ISEE/ISEA 2006 Conference Abstracts Supplement: Symposium Abstracts: Abstracts
Having reliable data on important in utero exposures such as smoking has important implications for short-term (eg, perinatal) and longer-term (eg, childhood and adulthood) outcomes. One recently completed cohort study allows us to examine the reliability of self-report data of in utero exposure to tobacco. If biochemical verification is found necessary, then exposures must be assessed during pregnancy.
The Nutrition in Pregnancy study (NIP) screened over 11,000 women early in pregnancy and enrolled 2478 women with various levels of self-reported tobacco consumption. Women gave informed consent before enrollment. At enrollment interview (<24 weeks gestation), women were asked detailed questions about smoking exposures in early pregnancy. At the same visit, we collected urine samples, which were analyzed for cotinine, nicotine, and creatinine concentrations. Self-report and biochemical measures of tobacco exposure were compared.
One hundred ninety-three women had levels of urinary cotinine >80 ng/mL, a level that indicates active smoking (Smoke-Free Families project). According to interviews, only 169 women reported active smoking in the prior day, 153 women reported smoking in the third month of pregnancy, and 273 reported smoking at some point since the pregnancy began. Of the 193 smokers identified by cotinine, 29 (15%) reported not smoking “yesterday.” Of the 29 women, 13 reported no passive smoke exposure on the previous day. Although biochemical verification may identify women who misrepresent their smoking status, it is only valid for a 7-day window (SRNT Workgroup); thus, this measure may not reflect exposures at different times in pregnancy. In our data, of 273 women who reported smoking at some time before being interviewed, only 191 (70.0%) had urinary cotinine levels >80 ng/mL at the interview. One hundred of 273 women (37%) reporting smoking in the first trimester had cotinine levels ≤80 ng/mL. Analysis comparing self-report with biochemical measurement of other exposures assessed at different points during the pregnancy and immediately postpartum is underway.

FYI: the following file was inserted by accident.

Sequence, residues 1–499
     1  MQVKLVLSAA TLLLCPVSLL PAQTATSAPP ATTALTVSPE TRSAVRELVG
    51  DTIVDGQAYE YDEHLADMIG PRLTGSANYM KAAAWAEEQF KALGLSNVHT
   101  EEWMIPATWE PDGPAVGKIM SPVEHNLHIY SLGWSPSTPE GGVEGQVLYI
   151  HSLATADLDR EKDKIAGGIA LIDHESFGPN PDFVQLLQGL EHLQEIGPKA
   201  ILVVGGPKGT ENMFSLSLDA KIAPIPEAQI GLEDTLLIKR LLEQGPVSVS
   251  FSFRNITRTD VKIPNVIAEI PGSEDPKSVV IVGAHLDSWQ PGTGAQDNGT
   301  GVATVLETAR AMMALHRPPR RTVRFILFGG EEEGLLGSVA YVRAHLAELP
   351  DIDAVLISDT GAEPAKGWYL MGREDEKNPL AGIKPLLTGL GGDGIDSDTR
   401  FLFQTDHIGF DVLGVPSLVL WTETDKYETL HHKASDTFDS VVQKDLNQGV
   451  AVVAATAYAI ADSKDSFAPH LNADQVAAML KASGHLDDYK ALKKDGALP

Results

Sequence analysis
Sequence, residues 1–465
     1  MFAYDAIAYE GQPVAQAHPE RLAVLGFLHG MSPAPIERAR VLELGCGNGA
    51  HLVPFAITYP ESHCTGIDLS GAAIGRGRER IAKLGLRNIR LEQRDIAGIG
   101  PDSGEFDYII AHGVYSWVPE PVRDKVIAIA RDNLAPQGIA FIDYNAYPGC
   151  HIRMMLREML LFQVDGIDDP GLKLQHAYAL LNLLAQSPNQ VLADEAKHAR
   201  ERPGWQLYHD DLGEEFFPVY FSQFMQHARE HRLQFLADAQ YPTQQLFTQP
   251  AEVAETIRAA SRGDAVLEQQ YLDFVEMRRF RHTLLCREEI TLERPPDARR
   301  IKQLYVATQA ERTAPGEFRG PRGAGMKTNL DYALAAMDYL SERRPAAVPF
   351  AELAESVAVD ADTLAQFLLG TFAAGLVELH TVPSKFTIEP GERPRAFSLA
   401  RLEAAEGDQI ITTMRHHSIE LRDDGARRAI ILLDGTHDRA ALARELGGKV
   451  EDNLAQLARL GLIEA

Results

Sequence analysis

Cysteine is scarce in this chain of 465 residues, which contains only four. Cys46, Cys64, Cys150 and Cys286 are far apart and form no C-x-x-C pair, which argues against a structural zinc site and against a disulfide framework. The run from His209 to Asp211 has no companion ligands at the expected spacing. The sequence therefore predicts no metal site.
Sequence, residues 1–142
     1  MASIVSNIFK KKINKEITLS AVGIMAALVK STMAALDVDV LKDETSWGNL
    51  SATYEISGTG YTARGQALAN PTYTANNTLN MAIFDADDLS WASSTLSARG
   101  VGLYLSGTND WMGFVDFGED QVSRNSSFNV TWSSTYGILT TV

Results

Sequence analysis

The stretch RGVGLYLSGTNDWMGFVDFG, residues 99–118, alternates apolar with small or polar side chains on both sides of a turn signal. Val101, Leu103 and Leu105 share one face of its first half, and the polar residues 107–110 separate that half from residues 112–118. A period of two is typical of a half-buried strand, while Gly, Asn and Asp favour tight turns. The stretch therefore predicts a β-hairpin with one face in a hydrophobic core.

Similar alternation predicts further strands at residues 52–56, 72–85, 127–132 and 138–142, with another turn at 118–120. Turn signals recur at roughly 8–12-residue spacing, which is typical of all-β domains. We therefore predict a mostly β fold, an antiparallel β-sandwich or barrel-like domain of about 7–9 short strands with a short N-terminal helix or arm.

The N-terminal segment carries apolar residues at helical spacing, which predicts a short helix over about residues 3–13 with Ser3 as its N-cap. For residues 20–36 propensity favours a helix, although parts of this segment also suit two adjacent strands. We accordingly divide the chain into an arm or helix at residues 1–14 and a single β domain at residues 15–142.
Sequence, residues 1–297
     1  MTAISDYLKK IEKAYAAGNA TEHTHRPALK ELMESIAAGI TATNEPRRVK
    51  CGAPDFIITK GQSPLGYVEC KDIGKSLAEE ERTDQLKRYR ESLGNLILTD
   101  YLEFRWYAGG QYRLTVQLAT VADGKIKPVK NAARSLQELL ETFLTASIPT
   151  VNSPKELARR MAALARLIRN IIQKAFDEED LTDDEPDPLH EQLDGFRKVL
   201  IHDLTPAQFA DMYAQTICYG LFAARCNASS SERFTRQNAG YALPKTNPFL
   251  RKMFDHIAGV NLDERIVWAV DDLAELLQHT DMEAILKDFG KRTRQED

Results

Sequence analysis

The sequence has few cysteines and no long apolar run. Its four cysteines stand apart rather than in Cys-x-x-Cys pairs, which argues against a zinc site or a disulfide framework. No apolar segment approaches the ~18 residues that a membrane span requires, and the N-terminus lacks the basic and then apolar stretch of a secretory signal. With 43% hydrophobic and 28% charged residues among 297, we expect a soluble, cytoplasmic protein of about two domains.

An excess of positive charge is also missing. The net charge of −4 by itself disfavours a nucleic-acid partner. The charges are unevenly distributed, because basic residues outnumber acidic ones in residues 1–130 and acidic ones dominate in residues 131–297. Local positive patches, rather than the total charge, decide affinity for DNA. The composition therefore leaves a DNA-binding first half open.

Self-reported exposure during the perinatal period may be inaccurate, particularly for exposures such as smoking during pregnancy when there is strong social and personal pressure to quit. For primary assessment of these exposures, biochemical verification may be important. However, biochemical measures are subject to different problems, including being valid for only a short window of time.